Remember that Me + Me = We

It’s one thing for two people to agree they’re in a relationship together, and quite another matter for them to be a joined unit.  When partners view themselves as a united team with their own, common story (while also continuing to hold onto their own sense of self), they’ve fostered a sense of what’s called “we-ness.”  Couples can develop we-ness privately between themselves, in public, or both.

To create a feeling of we-ness between themselves, research suggests that interracial couples engage in strategies such as thinking about the camaraderie and connection they share, and keeping mutual aspirations, beliefs, and interests in mind.  And if interracial partners choose to project we-ness to their social world, an example of this would be deciding to set limits and defend their partner against loved ones who speak judgmentally about either their partner or the relationship.

Additional approaches to creating a shared public image of we-ness include:

See the Beauty in Difference

Differences between partners get a bad rap at times, which is unfortunate because they can be quite engaging and delightful.  And for interracial couples who also view themselves as having different cultural backgrounds, these differences merit being valued and honored.  When partners take time to compare their cultures across both the parallels and the discrepancies, and also express encouragement for each other’s culture, this is linked to less discord and dissatisfaction in the relationship.  Thankfully, there are assorted ways couples can attend to differences across culture. Here are a few examples:

  • Demonstrate awareness of a partner’s culture, and actively make room in the relationship for a partner’s cultural beliefs, practices, and traditions.
  • Find ways to express appreciation for a partner’s culture, such as conveying admiration, learning their native language, or cooking traditional cultural dishes.
  • Treat a partner’s unique cultural background as an exciting opportunity for discovery, and take active steps to learn more about their culture, such as reading about it or asking questions in the spirit of interest and curiosity.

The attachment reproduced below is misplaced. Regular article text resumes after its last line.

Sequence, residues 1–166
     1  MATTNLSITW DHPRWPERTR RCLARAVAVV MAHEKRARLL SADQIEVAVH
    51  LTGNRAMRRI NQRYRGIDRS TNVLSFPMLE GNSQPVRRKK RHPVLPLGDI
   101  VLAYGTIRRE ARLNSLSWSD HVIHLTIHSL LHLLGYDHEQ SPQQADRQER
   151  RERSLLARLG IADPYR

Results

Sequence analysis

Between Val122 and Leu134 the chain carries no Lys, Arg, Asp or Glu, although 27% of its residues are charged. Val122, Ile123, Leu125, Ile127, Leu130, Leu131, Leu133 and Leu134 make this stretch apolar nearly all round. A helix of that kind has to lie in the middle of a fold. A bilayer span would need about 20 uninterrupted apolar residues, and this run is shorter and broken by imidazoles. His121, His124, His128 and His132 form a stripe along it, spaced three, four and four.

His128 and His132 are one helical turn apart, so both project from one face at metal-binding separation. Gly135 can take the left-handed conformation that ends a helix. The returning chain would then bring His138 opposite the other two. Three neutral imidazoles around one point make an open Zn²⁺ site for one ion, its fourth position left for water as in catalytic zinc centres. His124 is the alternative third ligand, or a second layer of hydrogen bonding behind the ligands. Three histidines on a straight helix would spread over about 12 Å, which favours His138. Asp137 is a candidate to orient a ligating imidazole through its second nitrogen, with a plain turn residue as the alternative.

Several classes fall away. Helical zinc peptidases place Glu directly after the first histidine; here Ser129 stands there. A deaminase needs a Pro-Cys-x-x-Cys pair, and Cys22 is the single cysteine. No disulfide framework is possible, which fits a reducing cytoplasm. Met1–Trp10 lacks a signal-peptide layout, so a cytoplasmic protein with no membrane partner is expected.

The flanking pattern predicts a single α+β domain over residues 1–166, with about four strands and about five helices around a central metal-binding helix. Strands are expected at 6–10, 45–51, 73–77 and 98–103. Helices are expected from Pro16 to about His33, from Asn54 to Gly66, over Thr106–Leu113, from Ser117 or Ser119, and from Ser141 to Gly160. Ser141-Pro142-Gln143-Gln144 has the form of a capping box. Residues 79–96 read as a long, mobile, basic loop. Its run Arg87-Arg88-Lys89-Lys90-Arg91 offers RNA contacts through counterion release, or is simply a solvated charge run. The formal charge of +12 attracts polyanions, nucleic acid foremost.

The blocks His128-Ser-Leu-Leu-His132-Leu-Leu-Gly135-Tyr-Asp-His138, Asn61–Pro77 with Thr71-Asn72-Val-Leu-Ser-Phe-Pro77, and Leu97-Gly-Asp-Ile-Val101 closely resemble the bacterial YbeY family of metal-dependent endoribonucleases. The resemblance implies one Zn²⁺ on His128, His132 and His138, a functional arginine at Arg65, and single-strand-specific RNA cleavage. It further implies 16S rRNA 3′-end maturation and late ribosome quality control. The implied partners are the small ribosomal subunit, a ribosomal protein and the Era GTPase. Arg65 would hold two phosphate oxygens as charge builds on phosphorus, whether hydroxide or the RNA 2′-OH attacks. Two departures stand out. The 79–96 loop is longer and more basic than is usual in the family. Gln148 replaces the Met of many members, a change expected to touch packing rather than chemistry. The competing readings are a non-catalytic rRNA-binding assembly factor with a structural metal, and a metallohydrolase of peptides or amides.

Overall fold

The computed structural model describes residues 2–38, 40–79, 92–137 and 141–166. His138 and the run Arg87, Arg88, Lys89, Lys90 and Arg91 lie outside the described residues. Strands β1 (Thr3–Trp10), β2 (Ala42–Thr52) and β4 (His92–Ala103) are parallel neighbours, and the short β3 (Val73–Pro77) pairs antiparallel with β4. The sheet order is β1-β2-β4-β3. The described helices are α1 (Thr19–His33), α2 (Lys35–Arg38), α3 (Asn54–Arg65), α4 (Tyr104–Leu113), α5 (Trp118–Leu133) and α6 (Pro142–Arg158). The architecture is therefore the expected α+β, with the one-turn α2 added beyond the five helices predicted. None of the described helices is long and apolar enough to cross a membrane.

Cultivate a Positive Image of Yourself and Others

It’s healthy for your bond to take time to reflect on how you feel about your own and your partner’s race, and to nurture a favorable outlook toward both.  As an illustration, consider findings from a study on interracial couples and their racial identity, which is defined as, “the quality of one’s identification with one’s racial group.”  People who feel good about their own racial identity and also view their partner’s race in affirming terms are more likely to have a stronger, more affectionate marriage.

Talk About Race, Listen Carefully, and Validate Your Partner

Although this point applies to all interracial couples, it’s especially valuable for White partners in interracial relationships to keep in mind.  As many social scientists can attest, the notion of being White (in the United States and other nations) is often inaccurately cut off from the idea of race, and so many White people don’t view themselves as racial beings and don’t see how race is relevant to their lives.  In line with this, research on interracial couples reveals that some White partners discount their Black, Brown, or Asian partner’s observations and understanding of prejudice and discrimination, assuming that any negative treatment must have a non-racial explanation.  

And when a White partner discredits the very real awareness and lived experiences of racism of a Black, Brown, or Asian partner, it presents that partner with a painful decision.  They may either decide not to continue opening up to their White partner, or find themselves in the difficult position of always needing to defend their impressions of what’s happening (which sounds exhausting).

Fortunately, couples can help avoid this dynamic.  They can try taking a chance and opening up to each other about their experiences.  And partners, especially White partners, can listen carefully and remind themselves that even though they may not perceive racism in a particular situation, that doesn’t mean it isn’t there.  Additionally, it’s possible for White partners to become more aware and attuned to issues of race.  Evidence suggests that for a number of White people, an interracial relationship takes the invisibility of Whiteness and makes it visible, as White partners start to view themselves as racial beings and reflect on the implications of being White.

Of course, this isn’t to say that conversations about race are easy. Dialogues about race tend to be socially frowned upon, and couples can wind up allowing this social taboo to take root in their own relationship.  Black, Brown, and Asian partners risk the hurtful experience of having their reality doubted, overlooked, or minimized as they talk about race.  And White partners may avoid talking about racism because it can awaken upsetting thoughts of White privilege and their partner’s relative lack of privilege.  At the same time, if interracial couples don’t openly discuss race and racism, they could sidestep a powerful and meaningful chance to deepen their connection and understanding, and to address how unique racial experiences could potentially impact their bond.  

If you’re in an interracial relationship, I hope your journey with your partner is a rewarding, beautiful one, and that you found something meaningful, affirming, relevant, or helpful here.  And if you care about someone who is in an interracial union, I invite you to express your support in some way, such as a positive comment about the relationship, or simply a welcoming smile when you see them.  And if you’re already a supporter, continue doing what you do.  Love around a relationship has a remarkable way of strengthening love within it.

Thank you for reading.